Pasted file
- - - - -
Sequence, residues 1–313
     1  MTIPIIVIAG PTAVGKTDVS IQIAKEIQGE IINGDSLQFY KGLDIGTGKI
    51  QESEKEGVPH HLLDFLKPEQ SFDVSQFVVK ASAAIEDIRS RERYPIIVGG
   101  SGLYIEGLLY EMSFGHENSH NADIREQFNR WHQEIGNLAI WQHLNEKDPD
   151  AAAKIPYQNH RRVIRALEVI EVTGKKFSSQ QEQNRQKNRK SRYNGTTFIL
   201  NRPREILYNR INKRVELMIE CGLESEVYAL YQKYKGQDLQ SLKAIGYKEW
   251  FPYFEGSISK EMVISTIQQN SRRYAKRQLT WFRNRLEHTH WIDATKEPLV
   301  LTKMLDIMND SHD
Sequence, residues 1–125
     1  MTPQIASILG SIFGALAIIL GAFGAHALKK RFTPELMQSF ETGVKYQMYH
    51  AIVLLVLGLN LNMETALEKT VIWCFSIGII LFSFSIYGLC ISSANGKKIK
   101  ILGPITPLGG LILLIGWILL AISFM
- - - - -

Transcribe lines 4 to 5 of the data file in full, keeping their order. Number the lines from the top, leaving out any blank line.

   101  SGLYIEGLLY EMSFGHENSH NADIREQFNR WHQEIGNLAI WQHLNEKDPD
   151  AAAKIPYQNH RRVIRALEVI EVTGKKFSSQ QEQNRQKNRK SRYNGTTFIL